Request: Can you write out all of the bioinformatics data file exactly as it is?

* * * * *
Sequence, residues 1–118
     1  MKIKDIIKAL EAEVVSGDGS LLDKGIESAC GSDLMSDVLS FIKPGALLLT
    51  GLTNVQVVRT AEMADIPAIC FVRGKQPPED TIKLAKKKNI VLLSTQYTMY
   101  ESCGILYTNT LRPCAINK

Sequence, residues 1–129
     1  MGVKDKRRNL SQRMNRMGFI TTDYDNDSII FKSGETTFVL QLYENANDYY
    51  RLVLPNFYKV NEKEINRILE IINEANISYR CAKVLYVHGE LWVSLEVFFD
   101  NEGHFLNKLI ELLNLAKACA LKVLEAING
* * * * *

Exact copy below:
Sequence, residues 1–118
     1  MKIKDIIKAL EAEVVSGDGS LLDKGIESAC GSDLMSDVLS FIKPGALLLT
    51  GLTNVQVVRT AEMADIPAIC FVRGKQPPED TIKLAKKKNI VLLSTQYTMY
   101  ESCGILYTNT LRPCAINK

Sequence, residues 1–129
     1  MGVKDKRRNL SQRMNRMGFI TTDYDNDSII FKSGETTFVL QLYENANDYY
    51  RLVLPNFYKV NEKEINRILE IINEANISYR CAKVLYVHGE LWVSLEVFFD
   101  NEGHFLNKLI ELLNLAKACA LKVLEAING